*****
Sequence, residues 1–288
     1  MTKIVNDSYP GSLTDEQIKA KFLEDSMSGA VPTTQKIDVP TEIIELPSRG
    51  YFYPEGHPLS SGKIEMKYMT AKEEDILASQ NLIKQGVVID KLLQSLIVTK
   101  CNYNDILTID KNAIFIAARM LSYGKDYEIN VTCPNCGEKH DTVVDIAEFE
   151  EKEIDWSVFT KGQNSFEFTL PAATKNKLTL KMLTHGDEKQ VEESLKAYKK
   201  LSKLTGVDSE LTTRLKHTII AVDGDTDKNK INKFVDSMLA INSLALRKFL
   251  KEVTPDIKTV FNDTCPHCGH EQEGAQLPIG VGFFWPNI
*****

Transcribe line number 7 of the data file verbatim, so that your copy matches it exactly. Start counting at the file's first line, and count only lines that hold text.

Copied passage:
   251  KEVTPDIKTV FNDTCPHCGH EQEGAQLPIG VGFFWPNI